Distance prevents exposure to both spray-borne drops and aerosol droplets, which are more concentrated the closer you get to an infected person, Milton said. But the virus in tiny droplets can float farther away and must be removed by room ventilation and air filtration, or killed by UV lights.
The same effects are suspected of COVID-19, and Milton’s experiments aim to answer the following question: “Is it just sneezing and coughing that spreads it, as is often assumed, or—is it singing, and talking and just breathing?” German said. Milton and his team strongly suspect the latter.
After decades pursuing the topic and bucking public health orthodoxy, Milton’s research has recently been central to influential bodies like the World Health Organization and the CDC doing about-faces on the issue, and admitting the role of aerosols in virus transmission.
“The public health guidelines for disease prevention need to be informed by the best scientific data,” said Dr. Boris Lushniak, dean of the School of Public Health. “Dr. Milton’s research has important implications for the advice we give and measures we take to protect people from the virus that causes Covid-19, from influenza and other respiratory viruses.”
Among the major questions the current research will try to answer is who can spread the virus, and how soon after infection? Are some people so-called “superspreaders” who shed much more virus than others? And what role is played one particular, devious feature of COVID-19?
“To the extent people are infected and asymptomatic, they’re of particular interest to us,” he said. “We want to know to what extent they can shed virus into the air when they appear to be well.”
One infected participant, public health science major Arik Tieke ’21, experienced some flu-like symptoms in late September but recovered after several days, and was cleared to leave quarantine last week.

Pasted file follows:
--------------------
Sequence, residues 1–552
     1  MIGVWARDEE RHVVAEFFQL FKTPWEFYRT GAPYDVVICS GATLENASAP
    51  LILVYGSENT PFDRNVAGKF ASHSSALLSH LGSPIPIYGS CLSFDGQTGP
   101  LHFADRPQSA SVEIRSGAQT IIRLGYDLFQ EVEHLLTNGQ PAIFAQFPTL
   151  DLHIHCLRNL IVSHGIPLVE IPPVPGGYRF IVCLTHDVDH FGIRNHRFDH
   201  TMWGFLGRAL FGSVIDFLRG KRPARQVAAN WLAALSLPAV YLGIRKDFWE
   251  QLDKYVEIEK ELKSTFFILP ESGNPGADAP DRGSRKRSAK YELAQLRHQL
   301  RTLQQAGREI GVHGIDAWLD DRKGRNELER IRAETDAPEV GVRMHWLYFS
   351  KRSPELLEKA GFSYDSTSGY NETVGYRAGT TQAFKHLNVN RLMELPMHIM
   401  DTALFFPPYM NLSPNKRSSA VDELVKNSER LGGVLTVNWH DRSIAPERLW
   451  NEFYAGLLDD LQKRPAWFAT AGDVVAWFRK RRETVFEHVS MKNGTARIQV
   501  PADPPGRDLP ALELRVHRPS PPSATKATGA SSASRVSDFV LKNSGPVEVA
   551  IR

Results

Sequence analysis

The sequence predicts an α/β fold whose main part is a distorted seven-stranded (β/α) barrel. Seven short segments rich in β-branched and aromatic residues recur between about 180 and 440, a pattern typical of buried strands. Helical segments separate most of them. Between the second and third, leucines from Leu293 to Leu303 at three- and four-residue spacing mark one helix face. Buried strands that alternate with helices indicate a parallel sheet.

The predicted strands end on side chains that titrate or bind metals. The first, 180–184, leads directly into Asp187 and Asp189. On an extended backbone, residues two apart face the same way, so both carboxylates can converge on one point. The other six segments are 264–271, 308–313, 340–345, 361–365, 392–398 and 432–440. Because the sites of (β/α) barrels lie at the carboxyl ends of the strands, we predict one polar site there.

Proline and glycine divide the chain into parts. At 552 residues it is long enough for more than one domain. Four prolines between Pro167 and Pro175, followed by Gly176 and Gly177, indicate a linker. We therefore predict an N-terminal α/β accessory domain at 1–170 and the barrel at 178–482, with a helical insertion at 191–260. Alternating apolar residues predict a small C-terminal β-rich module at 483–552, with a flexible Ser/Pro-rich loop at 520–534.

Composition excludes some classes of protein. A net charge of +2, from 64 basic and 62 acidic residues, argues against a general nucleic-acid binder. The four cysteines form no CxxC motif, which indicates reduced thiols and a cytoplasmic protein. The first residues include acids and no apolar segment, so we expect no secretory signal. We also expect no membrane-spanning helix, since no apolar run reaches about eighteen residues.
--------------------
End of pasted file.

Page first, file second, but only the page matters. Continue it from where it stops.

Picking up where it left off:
While sick with the virus, he stuck his face into the trumpet-like collection tube of the Gesundheit II machine several times, sitting through 30-minute sessions first without a mask, then wearing one, to help gauge the effectiveness of face coverings.
He joked he was grateful that part of the test involved a few minutes of speaking into the tube: “I happen to be quite a big talker, and if I’m in a room with someone for an hour, I like to converse with them.”
Tieke, who believes he contracted the virus from an off-campus apartment roommate, who in turn contracted it from his girlfriend, said he’s at least glad his short illness might lead to new scientific knowledge—and maybe more authoritative arguments to mask up. He said he’s always taken social distancing and mask-wearing seriously, and wishes everyone would.
“I see people going about their activities as if everything were normal—no masks, just heading toward the bars,” he said. “Kids don’t read the news? If you could just give it a few months, you can eventually get back to having fun, and it’ll be safe.”